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All puppies that have sponsors (and they can have more then one each) will be those puppies that can be adopted by low or fixed income recipients with a minimal payment based on their income. 

Puppy Sponsor – $200 a month

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1.crate, bed, mat, bowls, leash and collar(s) and chews.
3.grooming supplies.
4.puppy and service dog vests. and tags
5.specialized training equipment.
6.microchipping, licensing, and registration.
7.15 months of veterinary care: well-puppy visits, routine vaccinations, sick/emergency visits.

All puppies that have sponsors (and they can have more then one each) will be those puppies that can be adopted by low or fixed income recipients with a minimal payment based on their income.

Many times, the sponsor will want to adopt the puppy at the end of training if the puppy doesn't make it through the entire program for whatever reason. Not all dogs make it as service dogs.

Sponsors have first choice of adoption. You would be receiving a very well trained dog who just couldn't make it in public. 99% of the dogs can learn the tasks, it's the public access that is tough.

Raising a Service Puppy Costs

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$25/week to feed one dog. This includes chew toys, training treats and other special treats. We try to feed the best food out there and supplement with real meat and vegetables.

$500-$1,000 for initial veterinary care.
$500-$800/year/dog for maintenance veterinary care. This includes exams, bloodwork, vaccines, parasite preventatives, and other routine procedures.

$3000-$5000+ for emergency or specialty veterinary care. Accidents do happen and we like to be prepared, so each dog gets a savings account for this contingency. If not used it helps pay for the final adoption.

$300-$500 for customized service vest and accessories to fit specific needs of the service dog recipient. Occassionally this is more if specialized mobility harnesses are needed.

$8000-$12000 for rehabilitation and/or training. This process may take 6 months to 2 years depending on the dog's initial behavioral status and job they are being trained for. This includes outings to the airport, mall, restaurants, groomers, bookstore, and other homes that welcome us.
The average service dog costs us $8,000-$14,000. Every penny helps ! 

Assistance, Mobility, Hearing and Stability Service Dogs

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An assistance, mobility, stability dog should be able to do all the common behaviors, basic obedience behaviors and a few complex behaviors made up of the root actions.

For instance, in order to bring in the newspaper the dog must: know the name of the paper and where it would normally be found; the sight and smell of a newspaper; be able to pick it up, hold onto it and bring it to the human; find the human by sight and/or smell; and give the newspaper to the human without having chewed on it.

All of these actions are the same whether the dog is being a mobility dog retrieving the newspaper or an assistance dog retrieving the wheel chair that drifted away.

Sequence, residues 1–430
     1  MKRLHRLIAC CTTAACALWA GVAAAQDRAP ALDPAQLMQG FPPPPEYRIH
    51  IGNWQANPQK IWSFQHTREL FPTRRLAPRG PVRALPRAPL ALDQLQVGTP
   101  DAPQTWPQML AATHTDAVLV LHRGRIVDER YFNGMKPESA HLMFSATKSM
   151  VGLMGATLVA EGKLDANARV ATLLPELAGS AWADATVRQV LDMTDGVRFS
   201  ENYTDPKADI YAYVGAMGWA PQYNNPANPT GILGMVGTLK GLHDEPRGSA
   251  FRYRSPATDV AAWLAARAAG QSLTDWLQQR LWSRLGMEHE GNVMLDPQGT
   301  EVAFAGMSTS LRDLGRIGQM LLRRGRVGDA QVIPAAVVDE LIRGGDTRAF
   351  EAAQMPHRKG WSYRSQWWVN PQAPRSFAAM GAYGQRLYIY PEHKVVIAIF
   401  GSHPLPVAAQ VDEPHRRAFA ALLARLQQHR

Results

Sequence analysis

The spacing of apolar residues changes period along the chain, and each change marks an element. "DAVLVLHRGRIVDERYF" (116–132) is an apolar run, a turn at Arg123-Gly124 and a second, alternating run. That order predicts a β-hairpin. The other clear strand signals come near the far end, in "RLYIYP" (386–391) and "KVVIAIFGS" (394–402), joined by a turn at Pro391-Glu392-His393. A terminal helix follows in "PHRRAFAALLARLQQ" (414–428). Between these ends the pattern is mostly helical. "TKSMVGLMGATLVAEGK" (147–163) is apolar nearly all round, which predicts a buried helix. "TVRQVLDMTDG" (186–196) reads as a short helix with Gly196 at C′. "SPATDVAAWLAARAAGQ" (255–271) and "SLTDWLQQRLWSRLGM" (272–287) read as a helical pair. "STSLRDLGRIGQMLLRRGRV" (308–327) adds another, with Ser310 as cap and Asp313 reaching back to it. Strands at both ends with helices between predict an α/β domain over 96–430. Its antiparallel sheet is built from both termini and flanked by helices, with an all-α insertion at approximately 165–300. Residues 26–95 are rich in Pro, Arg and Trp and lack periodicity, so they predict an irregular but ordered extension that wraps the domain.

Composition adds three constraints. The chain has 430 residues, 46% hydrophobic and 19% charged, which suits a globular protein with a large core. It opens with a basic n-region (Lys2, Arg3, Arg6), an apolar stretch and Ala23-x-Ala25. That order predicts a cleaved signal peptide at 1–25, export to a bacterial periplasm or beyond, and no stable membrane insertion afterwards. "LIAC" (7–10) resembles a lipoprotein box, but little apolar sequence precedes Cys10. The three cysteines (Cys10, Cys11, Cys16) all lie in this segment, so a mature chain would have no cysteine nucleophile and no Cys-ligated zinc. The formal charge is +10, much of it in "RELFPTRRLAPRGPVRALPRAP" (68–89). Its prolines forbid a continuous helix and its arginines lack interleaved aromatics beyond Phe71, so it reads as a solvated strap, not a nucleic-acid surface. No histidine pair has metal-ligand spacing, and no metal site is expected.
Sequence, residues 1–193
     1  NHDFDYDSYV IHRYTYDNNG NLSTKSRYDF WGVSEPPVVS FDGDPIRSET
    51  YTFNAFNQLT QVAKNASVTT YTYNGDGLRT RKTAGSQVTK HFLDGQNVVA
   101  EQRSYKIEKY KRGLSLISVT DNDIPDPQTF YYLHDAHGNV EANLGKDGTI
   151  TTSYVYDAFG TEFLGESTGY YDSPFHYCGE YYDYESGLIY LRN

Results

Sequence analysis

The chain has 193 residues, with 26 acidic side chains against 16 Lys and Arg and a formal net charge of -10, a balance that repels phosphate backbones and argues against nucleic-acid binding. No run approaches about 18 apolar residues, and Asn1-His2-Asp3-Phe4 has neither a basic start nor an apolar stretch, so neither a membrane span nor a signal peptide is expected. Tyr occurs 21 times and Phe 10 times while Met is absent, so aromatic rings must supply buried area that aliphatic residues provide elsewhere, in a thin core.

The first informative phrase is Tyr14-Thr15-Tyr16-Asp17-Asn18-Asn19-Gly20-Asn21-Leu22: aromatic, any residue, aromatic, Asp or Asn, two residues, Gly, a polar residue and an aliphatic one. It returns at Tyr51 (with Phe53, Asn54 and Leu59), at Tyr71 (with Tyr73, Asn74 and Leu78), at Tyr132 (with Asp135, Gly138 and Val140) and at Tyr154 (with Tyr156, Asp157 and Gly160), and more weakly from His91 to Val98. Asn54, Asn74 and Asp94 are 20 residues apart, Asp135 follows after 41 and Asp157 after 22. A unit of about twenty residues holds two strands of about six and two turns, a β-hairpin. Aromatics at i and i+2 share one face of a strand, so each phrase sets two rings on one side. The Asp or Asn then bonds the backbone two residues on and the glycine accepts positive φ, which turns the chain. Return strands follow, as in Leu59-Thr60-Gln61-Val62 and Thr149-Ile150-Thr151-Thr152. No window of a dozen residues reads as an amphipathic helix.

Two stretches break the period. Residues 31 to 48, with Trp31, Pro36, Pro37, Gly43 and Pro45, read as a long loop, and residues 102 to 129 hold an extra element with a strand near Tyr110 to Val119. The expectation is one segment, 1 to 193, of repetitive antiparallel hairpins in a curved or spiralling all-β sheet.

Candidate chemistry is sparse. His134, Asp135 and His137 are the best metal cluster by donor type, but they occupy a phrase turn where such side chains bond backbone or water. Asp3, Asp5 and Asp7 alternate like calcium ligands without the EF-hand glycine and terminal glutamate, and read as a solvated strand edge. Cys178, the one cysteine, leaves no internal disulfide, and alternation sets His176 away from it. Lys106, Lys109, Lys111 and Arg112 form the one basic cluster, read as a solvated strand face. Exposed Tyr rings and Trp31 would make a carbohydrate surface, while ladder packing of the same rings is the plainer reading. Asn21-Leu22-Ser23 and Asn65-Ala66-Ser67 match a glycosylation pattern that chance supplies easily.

An assistance dog can not only retrieve your newspaper but understand how to put clothes in the hamper and washer, put toys away in the toy box and pull your socks and shoes off your feet. The only limitation is you and your willingness to learn how to train "tricks" and take the time to do so. 

A hearing dog is a type of assistance dog specifically selected and trained to assist people who are deaf or hard of hearing by alerting their handler to important sounds, such as doorbells, smoke alarms, ringing telephones, or alarm clocks. And of course, the most important - the handler's name!

MCAS, POTS, EDS and other allergy type syndromes

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It is useful to have mast cells as they help the body fight off infections. However, having too many mast cells causes episodes similar to allergic reactions, including anaphylactic shock, a chemical release within the body that results in low blood pressure and narrowed airways. Where people with food or drug allergies can simply avoid their allergen, those with mastocytosis have triggers that vary from heat or cold, stress or fatigue.

A service dog for someone with POTS or MCAS can be trained to…
•Alert you of an impending syncope episode and help you find safe place to lie down.
•Alert you to or pull you away from triggers like smells. A dog can even inspect a room before you enter it, circumstances permitting.
•Help pull you upstairs.
•Pick up and retrieve items for you.
•Provide stability when you’re walking or standing.
•Call for help and reach 911 in emergencies.
•And more! 

Canines have an amazing sense of smell. They can detect the scent of an allergen in much smaller quantities, from much farther away, in all its various forms, and even masked by other ingredients far better than any human can.

A dog’s ability to detect even trace or hidden amounts of an allergen is nothing less than a life-saving ability for people at risk of anaphylaxis. Allergy alert dogs are thoroughly trained to detect one or more allergens. Beyond that, they’re trained to proactively scan every area and all food for the scent of the allergen(s).